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Nov 27, 2014
Environmental Microbiology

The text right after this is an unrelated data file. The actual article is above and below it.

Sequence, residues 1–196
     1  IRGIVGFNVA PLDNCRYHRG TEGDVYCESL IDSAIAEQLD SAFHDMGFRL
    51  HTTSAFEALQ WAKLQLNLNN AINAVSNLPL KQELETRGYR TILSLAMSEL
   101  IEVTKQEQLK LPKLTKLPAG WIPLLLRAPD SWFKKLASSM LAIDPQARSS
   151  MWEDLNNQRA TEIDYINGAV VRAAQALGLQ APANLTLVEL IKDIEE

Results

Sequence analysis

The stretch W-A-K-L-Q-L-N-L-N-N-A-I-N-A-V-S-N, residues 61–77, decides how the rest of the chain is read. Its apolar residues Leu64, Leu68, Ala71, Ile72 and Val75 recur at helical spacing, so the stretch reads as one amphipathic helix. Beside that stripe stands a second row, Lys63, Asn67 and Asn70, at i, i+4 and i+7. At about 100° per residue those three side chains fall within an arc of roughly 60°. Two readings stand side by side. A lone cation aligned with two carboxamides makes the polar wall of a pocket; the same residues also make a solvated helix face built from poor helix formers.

Sulfide 'chimneys' characteristic of seafloor hydrothermal venting are diverse microbial habitats. ¹³C/¹²C ratios of microbial lipids have rarely been used to assess carbon assimilation pathways on these structures, despite complementing gene- and culture-based approaches. Here, we integrate analyses of the diversity of intact polar lipids (IPL) and their side-chain δ¹³C values (δ¹³ C(lipid)) with 16S rRNA gene-based phylogeny to examine microbial carbon flow on active and inactive sulfide structures from the Manus Basin. Surficial crusts of active structures, dominated by Epsilonproteobacteria, yield bacterial δ¹³C(lipid) values higher than biomass δ¹³C (total organic carbon), implicating autotrophy via the reverse tricarboxylic acid cycle. Our data also suggest δ¹³C(lipid) values vary on individual active structures without accompanying microbial diversity changes. Temperature and/or dissolved substrate effects - likely relating to variable advective-diffusive fluxes to chimney exteriors - may be responsible for differing ¹³C fractionation during assimilation. In an inactive structure, δ¹³C(lipid) values lower than biomass δ¹³C and a distinctive IPL and 16S rRNA gene diversity suggest a shift to a more diverse community and an alternate carbon assimilation pathway after venting ceases. We discuss here the potential of IPL and δ¹³C(lipid) analyses to elucidate carbon flow in hydrothermal structures when combined with other molecular tools.© 2014 Society for Applied Microbiology and John Wiley & Sons Ltd.

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